HC Deb 21 April 1823 vol 8 cc1134-6

On the order of the day for the second reading of this bill,

Sir J. Newport

said, he must object to any measure that vent to give to the ecclesiastical courts such extended powers as this bill went to bestow on them. As an instance of the power already possessed by that court, he would mention the case of a poor man who, for a non-payment of certain sums, was cited to appear at a place 65 miles from his home. The man appeared, but the person who cited him was not present; the poor man had to return home again, and for his travelling expenses he was allowed by the court the sum of 12s. 6d. The poor man was subsequently cited three or four times, and as often obliged to repair to different places, without being confronted with the party who appealed against him. There was also another clause in this bill, which he must oppose. He meant that which, in the case of there being no parish church, or in the event of the parish church being a ruin, enabled the archbishop or bishop to direct the parishioners to attend service in the next parish; by which means such parishioners would become (whether they so attended or not) liable to an equal proportion of the sess and charge of the parish to which they were recommended. Now, he would put a case not at all uncommon in Ireland. He would take a parish where there was no church, or where the church was a ruin, but the whole of the inhabitants of which were Catholics. Why should the recommendation of the bishop to attend service in the next parish, subject the inhabitants of that parish to a payment of a portion of the rates of a neighbouring parish, the great proportion of whose inhabitants were Protestants.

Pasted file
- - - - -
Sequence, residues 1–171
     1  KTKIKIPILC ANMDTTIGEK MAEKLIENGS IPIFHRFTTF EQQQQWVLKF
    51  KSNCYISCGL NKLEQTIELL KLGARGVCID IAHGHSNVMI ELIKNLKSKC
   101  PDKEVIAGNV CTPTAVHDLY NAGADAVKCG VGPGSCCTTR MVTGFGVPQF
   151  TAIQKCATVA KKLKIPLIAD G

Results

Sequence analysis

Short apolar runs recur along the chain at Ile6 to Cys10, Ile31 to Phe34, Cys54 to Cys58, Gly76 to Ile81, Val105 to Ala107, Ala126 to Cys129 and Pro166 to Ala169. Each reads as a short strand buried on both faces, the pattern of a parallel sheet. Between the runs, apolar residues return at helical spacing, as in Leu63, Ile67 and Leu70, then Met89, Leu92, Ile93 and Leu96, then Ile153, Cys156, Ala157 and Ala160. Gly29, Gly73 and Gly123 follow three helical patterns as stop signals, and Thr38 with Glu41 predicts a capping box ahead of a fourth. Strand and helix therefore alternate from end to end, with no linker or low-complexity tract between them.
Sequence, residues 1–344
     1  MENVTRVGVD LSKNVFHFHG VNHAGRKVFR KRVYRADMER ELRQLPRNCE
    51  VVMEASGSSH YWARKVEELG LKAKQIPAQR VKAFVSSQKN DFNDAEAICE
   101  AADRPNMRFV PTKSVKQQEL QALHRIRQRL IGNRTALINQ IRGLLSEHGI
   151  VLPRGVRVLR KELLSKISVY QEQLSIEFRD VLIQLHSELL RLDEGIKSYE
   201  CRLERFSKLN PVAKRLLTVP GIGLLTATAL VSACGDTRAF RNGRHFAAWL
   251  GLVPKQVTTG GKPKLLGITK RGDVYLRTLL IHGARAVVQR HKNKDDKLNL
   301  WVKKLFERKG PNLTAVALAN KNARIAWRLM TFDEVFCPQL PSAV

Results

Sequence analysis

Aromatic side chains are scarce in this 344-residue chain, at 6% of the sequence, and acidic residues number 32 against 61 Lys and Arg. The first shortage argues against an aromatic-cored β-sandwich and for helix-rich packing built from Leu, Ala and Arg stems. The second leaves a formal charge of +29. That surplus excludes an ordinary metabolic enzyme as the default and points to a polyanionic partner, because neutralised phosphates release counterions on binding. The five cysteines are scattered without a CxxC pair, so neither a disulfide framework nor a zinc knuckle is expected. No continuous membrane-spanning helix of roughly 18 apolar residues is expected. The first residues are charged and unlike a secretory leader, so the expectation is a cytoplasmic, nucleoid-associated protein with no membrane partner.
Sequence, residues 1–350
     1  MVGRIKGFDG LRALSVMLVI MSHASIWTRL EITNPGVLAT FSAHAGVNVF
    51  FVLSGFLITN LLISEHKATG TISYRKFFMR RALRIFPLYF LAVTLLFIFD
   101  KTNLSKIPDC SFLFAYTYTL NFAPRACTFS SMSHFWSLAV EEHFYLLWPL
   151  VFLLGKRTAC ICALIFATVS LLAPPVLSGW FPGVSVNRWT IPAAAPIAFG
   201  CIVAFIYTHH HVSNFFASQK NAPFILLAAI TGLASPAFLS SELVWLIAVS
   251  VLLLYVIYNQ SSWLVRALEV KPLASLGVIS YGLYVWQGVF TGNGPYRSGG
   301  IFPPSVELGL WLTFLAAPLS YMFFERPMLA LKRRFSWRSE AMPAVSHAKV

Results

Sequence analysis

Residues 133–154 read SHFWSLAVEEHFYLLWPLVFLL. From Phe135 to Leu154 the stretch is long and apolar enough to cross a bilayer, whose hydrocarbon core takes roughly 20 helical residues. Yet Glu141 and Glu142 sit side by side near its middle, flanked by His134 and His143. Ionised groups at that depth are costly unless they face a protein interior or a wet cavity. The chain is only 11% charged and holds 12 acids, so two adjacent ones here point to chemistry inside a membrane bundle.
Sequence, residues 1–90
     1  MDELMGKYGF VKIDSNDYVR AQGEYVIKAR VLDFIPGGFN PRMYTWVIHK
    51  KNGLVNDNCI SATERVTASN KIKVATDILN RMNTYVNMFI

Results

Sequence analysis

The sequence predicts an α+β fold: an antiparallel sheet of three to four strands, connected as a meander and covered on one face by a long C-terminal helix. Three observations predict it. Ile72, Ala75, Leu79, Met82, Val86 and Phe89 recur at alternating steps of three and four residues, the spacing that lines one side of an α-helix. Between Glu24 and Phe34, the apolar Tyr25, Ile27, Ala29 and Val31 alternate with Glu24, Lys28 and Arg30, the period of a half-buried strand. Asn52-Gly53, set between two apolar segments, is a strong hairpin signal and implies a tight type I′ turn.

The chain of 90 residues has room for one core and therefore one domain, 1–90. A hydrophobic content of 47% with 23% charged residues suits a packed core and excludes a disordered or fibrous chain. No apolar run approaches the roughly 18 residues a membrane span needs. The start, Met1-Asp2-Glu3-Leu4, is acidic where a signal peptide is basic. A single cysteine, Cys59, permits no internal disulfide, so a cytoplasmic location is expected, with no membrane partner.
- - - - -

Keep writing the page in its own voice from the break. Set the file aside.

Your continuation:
Mr. Goulburn

assured the House, that the powers of the ecclesiastical courts would remain precisely the same, whether this bill were passed or not.

Mr. Hume

contended, that the principles on which ecclesiastical courts proceeded were totally inconsistent with justice. These excessive rates were an enormous evil; and he was sure that the Irish people, upon whom they were so peculiarly oppressive, would not pay them much longer; but would effect the cure themselves by resisting the payment. Not more than one-fifth of the population of Ireland were Protestants; and it was not unlikely that that proportion would be soon reduced to a one hundred and fifth part. Was it, then, right to expect that such a population should be obliged to pay for the maintenance of a religious establishment to which they did not belong? He hoped they would discontinue to support such a system, and, if not relieved, that they would use physical force in order to avoid it [Hear, hear!]. Hon. members seemed alarmed at the expression; but it was his firm conviction, that if these acts of injustice were persisted in, matters must come to that extremity at last.

Mr. V. Fitzgerald

protested against the use of such language. This doctrine was as calculated to inflame the minds of the Irish, as it was unbecoming any member of parliament to use in that House.

Mr. Hume

said, that what he had uttered was his conscientious opinion respecting Ireland; and feeling it to be so, he did not conceive that any harm could arise there or elsewhere from speaking the truth. Having stated what he believed would be the event, he hoped government would endeavour to avert the calamity.

The bill was read a second time.